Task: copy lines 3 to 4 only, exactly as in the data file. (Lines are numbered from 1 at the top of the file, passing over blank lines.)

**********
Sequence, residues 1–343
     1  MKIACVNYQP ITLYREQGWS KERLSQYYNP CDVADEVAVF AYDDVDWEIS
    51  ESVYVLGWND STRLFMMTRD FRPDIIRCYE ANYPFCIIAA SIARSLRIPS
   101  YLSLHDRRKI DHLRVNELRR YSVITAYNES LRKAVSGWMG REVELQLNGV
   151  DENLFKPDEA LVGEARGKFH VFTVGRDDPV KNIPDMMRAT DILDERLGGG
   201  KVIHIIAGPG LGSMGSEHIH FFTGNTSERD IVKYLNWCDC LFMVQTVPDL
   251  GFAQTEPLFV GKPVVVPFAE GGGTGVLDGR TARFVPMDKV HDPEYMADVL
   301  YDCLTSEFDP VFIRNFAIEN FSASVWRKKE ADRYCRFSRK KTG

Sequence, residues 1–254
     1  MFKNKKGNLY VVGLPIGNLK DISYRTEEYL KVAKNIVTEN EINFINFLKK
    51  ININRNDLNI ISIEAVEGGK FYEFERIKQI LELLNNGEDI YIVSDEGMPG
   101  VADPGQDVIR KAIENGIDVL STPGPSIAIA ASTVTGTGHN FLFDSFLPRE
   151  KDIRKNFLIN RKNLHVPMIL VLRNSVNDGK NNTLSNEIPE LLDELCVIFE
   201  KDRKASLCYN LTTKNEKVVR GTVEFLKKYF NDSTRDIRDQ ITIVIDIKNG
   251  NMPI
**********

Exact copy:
    51  ESVYVLGWND STRLFMMTRD FRPDIIRCYE ANYPFCIIAA SIARSLRIPS
   101  YLSLHDRRKI DHLRVNELRR YSVITAYNES LRKAVSGWMG REVELQLNGV